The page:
But the recommendations as expressed by the final framework are actually applicable to many medically served communities overall, including low socioeconomic status populations, rural populations, which we've heard a lot about particularly related to the National Institutes of Health and some of their work. Racial and ethnic minority populations, of course, are in there, but subgroups--intersectionality between LGBTQ+ communities, immigrant population, and aging populations.

So all of these are considered as part of the framework when we're thinking about medically underserved populations. And the participants in the roundtable identified the barriers within and between four domains. So the four domains are screening, diagnosis, treatment, and survivorship. And for each of the target populations, we actually had discussions around what some of the barriers would be. And in terms of highlights, some were common to all the domains, including a lack of coordination.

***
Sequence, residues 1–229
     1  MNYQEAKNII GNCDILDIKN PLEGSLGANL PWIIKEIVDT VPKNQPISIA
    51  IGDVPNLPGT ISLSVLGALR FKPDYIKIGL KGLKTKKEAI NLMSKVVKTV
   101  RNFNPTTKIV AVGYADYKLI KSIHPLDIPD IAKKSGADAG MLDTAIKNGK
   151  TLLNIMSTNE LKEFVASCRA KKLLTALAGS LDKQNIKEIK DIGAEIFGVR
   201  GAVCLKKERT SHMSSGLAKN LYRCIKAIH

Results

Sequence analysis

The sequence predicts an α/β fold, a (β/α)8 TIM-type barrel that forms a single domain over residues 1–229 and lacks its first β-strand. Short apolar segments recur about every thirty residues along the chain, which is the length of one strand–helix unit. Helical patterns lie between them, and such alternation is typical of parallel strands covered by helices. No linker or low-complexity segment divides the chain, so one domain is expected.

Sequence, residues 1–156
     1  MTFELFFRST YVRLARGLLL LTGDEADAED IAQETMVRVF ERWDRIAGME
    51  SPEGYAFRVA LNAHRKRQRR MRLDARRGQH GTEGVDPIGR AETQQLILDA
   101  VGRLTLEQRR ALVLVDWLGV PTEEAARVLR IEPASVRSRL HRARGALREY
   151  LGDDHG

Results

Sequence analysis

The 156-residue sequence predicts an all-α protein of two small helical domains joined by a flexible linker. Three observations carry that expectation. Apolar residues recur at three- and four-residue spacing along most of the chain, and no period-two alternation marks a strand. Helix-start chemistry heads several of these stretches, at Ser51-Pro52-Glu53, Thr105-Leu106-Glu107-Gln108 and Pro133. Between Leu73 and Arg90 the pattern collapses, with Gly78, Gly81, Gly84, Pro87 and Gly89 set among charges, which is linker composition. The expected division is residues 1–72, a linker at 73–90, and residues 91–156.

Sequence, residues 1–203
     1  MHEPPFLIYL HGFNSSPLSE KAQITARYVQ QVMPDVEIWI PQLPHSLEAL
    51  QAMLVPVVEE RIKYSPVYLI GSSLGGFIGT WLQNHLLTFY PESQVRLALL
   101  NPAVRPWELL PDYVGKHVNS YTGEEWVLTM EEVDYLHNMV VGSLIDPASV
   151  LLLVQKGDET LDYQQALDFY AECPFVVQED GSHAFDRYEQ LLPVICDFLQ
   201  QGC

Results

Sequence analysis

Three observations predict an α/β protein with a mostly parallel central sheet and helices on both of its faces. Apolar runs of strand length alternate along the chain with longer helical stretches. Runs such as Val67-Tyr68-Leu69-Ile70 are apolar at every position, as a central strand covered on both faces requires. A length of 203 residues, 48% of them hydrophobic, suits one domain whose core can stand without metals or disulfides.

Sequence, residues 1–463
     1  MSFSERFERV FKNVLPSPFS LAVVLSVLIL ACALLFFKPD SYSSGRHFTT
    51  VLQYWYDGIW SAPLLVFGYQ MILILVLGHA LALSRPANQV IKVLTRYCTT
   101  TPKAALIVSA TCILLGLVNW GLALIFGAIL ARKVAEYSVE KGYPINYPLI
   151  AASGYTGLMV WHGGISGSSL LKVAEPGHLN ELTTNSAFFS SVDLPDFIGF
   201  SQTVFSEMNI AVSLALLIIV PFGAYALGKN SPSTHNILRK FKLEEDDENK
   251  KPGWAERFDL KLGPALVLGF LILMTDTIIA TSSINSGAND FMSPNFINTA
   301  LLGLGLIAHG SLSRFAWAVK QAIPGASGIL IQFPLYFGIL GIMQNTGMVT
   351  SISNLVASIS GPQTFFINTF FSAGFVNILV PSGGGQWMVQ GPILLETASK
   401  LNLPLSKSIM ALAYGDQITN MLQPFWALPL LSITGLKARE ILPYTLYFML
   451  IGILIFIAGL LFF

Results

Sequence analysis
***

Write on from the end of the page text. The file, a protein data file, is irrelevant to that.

We know that cancer care is so incredibly complex. And so that lack of coordination between multiple visits or different providers and testing particularly related to transitions in care. I think that's an important thing, those logistics around that. Financial barriers were also identified [such as] difficulty in addressing and documenting social determinants of health. And we need to make sure that those sorts of data points actually get included into the electronic medical record and communicated to different providers along the cancer continuum.

So there were a lot of different things that were really provided in terms of barriers, but we also tried to identify different settings that really could make themselves conducive to touch points that could provide improvement in care, including navigation and other sorts of resources. So there were lots of different barriers that were expressed and were identified.

And I think, again, it's important to know that all the experts really apply their expertise for this particular work on high prevalence cancers. So we know that there are some cancers that may not be as predominant in the communities, but the authors felt that it was really important that the recommendations be applicable to as many cancers as possible and to those that we see the highest prevalence in the United States. And particularly for those, again, when you're thinking about communities that are oftentimes disenfranchised, they oftentimes have comorbidities. So we took that into consideration as well.